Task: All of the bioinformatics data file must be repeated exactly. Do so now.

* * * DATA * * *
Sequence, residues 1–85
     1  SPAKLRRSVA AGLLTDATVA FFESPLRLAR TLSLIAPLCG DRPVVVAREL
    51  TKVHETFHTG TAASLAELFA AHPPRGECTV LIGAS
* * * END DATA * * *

Sequence, residues 1–85
     1  SPAKLRRSVA AGLLTDATVA FFESPLRLAR TLSLIAPLCG DRPVVVAREL
    51  TKVHETFHTG TAASLAELFA AHPPRGECTV LIGAS